Adrian

  4. Adrian

    Thanks for following up – it’s interesting to hear about the response you eventually received. The real test of whether it’s substance or just warm words will be whether or not things improve in future – I hope for your sake that they do.

    From my time managing a customer services department I completely agree that it’s important to make it easy for customers to deliver *unsolicited* communication. This is the first step to defusing a complaint. However we know that proportionately few people will do this, not least because they have become accustomed to the fact that it’s often a fruitless exercise.

    We found that it was even more beneficial to *solicit* feedback. Providing it is made quick and easy for the customer we found that checking for satisfaction after delivery of service resulted in consistent year on year improvements in customer retention and revenue. It was also far more effective in improving team performance (and morale) than training.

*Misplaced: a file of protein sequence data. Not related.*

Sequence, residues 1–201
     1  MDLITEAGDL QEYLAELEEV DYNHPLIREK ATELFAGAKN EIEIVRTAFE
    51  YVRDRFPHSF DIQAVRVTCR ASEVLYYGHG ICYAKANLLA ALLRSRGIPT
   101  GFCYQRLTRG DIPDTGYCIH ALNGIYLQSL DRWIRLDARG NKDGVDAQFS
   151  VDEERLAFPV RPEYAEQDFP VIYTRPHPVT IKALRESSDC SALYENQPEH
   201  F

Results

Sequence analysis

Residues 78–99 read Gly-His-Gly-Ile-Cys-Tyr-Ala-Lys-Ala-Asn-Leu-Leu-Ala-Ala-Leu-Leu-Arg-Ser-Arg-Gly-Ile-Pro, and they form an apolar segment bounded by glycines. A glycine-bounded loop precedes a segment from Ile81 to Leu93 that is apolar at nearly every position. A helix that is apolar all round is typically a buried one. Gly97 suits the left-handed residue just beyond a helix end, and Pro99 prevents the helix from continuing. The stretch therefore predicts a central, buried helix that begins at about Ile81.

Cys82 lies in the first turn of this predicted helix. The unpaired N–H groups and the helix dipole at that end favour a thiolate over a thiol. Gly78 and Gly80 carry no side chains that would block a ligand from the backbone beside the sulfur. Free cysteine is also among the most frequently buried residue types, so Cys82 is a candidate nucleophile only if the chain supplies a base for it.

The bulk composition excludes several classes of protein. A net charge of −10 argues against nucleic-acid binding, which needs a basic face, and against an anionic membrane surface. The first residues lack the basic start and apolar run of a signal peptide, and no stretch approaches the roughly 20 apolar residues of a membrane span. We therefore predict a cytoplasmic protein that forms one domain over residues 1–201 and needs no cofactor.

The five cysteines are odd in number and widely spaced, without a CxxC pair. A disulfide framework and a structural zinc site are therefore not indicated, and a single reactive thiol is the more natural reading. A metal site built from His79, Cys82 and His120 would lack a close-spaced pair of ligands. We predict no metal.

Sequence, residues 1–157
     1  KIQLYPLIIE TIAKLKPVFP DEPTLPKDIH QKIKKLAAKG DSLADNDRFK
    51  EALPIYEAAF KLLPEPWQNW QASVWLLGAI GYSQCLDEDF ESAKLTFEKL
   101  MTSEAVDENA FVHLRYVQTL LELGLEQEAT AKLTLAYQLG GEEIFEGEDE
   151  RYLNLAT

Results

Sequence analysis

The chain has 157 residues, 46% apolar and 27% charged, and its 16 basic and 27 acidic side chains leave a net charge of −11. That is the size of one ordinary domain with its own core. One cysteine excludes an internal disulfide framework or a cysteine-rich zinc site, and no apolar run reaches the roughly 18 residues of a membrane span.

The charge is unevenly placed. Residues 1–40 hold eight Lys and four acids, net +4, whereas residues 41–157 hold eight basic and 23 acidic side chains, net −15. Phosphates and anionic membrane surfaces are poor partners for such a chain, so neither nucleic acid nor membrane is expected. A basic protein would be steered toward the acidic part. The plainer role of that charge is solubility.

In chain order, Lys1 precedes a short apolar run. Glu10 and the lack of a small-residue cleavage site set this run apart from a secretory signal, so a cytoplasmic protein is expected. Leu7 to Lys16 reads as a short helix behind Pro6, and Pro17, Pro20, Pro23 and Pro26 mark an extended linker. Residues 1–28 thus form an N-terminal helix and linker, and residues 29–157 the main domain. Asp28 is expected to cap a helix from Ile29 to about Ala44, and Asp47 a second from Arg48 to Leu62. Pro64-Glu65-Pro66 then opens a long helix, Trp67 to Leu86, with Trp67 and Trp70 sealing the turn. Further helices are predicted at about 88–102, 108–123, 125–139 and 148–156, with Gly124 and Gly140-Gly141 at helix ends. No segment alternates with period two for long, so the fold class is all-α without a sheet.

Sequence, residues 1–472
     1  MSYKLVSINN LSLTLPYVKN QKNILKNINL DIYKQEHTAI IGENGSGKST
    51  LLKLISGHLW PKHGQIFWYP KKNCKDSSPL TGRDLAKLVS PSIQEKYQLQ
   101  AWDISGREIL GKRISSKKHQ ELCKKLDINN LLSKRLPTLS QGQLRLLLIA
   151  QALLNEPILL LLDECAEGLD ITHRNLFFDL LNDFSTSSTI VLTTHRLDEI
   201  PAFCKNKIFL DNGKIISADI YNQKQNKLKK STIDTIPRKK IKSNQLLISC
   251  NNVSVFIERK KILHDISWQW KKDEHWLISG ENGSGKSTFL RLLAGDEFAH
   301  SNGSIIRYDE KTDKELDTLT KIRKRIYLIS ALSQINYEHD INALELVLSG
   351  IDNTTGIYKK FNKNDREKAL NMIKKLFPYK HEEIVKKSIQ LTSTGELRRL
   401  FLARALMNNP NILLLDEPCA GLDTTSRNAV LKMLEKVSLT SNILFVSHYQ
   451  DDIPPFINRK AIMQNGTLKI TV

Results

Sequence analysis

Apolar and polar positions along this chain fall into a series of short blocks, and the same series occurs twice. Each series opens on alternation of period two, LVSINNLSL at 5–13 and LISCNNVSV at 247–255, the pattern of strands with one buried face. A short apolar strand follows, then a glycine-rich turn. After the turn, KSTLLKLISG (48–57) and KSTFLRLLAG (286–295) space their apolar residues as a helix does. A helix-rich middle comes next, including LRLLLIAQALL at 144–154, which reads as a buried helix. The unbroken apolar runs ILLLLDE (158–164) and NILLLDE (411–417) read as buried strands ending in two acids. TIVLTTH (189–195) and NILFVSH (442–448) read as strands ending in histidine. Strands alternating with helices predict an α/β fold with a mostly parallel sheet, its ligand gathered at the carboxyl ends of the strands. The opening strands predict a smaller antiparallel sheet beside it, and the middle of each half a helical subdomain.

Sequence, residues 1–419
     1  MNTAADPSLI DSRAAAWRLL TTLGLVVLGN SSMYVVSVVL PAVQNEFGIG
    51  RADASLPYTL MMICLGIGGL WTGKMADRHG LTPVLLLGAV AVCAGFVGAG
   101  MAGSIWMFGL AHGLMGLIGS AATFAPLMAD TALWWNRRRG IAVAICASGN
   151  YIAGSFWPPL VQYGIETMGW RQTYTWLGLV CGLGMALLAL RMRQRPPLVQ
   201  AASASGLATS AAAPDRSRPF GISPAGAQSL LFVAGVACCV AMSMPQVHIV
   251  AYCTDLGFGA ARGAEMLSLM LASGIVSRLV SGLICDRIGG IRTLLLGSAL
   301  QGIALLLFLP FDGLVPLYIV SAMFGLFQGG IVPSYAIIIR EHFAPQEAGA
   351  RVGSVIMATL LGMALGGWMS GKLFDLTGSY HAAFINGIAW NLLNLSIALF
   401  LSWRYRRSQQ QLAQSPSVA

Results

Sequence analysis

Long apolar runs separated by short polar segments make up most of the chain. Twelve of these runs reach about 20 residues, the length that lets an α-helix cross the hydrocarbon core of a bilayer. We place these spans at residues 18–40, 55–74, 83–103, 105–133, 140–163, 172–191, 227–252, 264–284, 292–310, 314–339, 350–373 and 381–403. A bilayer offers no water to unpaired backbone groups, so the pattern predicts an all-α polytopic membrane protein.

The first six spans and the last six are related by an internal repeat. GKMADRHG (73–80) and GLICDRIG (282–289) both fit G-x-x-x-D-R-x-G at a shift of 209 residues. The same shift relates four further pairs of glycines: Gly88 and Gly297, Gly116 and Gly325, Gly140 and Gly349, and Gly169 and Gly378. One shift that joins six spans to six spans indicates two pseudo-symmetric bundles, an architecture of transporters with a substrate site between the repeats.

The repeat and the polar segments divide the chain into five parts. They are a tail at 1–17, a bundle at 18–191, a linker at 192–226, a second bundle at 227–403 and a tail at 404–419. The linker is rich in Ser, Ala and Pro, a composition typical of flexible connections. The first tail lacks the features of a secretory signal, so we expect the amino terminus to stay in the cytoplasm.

From my more recent work at CustomerSure I now have proof from a much larger sample size of companies that making unsolicited feedback simple, and soliciting feedback sensitively and appropriately, constitutes a very effective way of improving customer retention and sentiment. Providing, of course, that the feedback is acted on quickly, individually and without fail.

    • Hi Guy,
      Thanks for adding your perspective.

      I agree with you that firms should be actively soliciting feedback rather than just waiting for people to speak up.

      However, I would guess that the challenge a utility firm like this would face is: how do they solicit feedback that doesn’t fall into the trap of being another seemingly spammy survey?

      Adrian

      • Adrian

        You’re right that soliciting feedback can sometimes be over-intrusive, or ‘spammy’…and despite selling feedback and complaint software I am on a personal crusade against spammy surveys! As is often the case, it is not the tool or technique that is inherently good or bad but how it is used, so I use the following analogy to help get the balance right: